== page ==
1766 Bar & Kitchen - Riz Au Lait


At the end of the night, we left a substantial tip for our server, Martin – it was only his second shift at 1766, but he clearly knew the menu inside out, he was forthcoming with recommendations, he was friendly and judged his tone carefully, and he interacted with and acknowledged our 8-month old throughout the night – he was an absolute star, and a massive credit to the 1766 team.

Now, the key question…would we go back? There’s no denying that the food was amazing. The environment is beautiful, the price point is ridiculously low for the standard of the food, the service was outstanding. But it’s a weird place, switching from peaceful and relaxed while a show’s on at the Old Vic to bustling and ridiculously busy during the interval, and when the show ends. If I was heading over there to see something, I have absolutely no doubt that I’d eat there beforehand. But for a non-theatre-related evening meal? I’m not so sure. Definitely intrigued by their brunch options, though…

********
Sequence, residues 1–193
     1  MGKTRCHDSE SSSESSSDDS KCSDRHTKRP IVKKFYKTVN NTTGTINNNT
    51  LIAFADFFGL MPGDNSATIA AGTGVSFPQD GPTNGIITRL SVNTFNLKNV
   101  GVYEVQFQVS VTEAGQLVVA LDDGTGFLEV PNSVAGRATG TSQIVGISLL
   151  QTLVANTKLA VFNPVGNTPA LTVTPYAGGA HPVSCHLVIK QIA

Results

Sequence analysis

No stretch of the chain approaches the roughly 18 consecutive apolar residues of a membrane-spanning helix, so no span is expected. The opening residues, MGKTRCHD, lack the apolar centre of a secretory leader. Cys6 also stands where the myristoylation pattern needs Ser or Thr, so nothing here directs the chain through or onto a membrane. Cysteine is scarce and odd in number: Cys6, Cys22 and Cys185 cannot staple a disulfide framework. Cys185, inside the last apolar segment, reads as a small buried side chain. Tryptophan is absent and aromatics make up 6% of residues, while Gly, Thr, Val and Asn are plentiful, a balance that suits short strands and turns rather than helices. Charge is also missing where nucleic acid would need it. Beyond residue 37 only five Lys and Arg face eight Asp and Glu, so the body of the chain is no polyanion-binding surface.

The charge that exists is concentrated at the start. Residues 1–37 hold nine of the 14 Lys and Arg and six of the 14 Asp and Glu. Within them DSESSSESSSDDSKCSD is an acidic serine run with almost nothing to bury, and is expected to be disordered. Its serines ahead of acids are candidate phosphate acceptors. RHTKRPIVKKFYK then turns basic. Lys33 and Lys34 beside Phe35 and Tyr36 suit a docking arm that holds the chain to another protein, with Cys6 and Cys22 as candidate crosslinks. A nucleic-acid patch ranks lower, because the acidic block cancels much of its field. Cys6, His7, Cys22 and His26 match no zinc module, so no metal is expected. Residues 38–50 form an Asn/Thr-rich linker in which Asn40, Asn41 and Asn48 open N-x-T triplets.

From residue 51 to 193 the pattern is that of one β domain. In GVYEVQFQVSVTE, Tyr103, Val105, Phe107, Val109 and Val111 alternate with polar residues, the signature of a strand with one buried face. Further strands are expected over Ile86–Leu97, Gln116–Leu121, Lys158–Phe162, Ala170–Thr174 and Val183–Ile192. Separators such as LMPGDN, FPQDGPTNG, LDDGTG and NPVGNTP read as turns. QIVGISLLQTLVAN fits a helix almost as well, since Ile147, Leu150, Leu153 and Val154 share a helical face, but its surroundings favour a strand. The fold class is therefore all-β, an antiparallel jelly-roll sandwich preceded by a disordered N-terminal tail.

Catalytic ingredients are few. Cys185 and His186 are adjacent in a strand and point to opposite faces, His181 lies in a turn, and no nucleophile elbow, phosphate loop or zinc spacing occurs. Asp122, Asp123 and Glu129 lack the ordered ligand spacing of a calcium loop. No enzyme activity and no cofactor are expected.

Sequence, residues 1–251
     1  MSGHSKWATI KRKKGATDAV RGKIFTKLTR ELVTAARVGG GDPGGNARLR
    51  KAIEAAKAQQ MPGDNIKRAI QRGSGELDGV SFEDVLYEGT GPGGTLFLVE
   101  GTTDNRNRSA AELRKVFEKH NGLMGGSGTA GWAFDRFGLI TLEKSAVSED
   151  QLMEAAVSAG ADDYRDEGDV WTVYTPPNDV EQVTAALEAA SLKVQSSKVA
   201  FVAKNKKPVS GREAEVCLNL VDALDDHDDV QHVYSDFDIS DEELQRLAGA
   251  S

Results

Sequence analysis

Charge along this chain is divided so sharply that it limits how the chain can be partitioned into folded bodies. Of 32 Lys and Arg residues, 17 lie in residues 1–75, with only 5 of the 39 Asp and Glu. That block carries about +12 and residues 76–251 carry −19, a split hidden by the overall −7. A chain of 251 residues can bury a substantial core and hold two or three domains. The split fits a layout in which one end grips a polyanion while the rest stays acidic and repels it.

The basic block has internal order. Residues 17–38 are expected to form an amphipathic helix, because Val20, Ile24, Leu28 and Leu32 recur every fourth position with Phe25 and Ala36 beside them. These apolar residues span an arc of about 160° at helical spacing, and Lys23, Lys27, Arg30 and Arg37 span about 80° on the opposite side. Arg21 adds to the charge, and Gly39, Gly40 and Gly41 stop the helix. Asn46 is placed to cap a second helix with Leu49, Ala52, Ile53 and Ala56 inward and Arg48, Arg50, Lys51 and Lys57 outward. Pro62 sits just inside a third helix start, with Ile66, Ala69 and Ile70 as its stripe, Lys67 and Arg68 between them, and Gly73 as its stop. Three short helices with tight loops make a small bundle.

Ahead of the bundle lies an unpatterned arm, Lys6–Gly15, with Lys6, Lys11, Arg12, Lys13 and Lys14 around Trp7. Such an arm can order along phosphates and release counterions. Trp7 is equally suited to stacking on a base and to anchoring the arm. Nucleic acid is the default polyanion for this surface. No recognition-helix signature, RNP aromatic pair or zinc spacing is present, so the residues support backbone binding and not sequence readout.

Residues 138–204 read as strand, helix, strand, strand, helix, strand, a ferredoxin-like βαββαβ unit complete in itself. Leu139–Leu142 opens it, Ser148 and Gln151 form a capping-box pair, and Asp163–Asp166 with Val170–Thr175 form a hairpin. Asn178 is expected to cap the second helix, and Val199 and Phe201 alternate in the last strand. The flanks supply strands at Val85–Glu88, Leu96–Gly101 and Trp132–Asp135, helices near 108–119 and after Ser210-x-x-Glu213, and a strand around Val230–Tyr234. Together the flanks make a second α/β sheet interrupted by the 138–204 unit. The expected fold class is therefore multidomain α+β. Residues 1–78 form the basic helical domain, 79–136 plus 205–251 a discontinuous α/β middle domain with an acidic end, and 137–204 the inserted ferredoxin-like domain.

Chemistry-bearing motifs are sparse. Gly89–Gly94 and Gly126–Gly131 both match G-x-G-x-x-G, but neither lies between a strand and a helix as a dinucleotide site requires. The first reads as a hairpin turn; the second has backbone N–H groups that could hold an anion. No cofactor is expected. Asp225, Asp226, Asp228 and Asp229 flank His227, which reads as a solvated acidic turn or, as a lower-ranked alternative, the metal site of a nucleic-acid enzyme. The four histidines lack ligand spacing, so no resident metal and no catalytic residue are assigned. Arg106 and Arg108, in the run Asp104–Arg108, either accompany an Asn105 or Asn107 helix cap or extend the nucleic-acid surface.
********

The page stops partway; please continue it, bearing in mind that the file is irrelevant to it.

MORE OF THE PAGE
Please note: our meal at 1766 Bar & Kitchen was received free of charge, but this in no way impacted on our opinion. We were not obliged to write a positive review, and the venue did not see this review before it was put up on the site.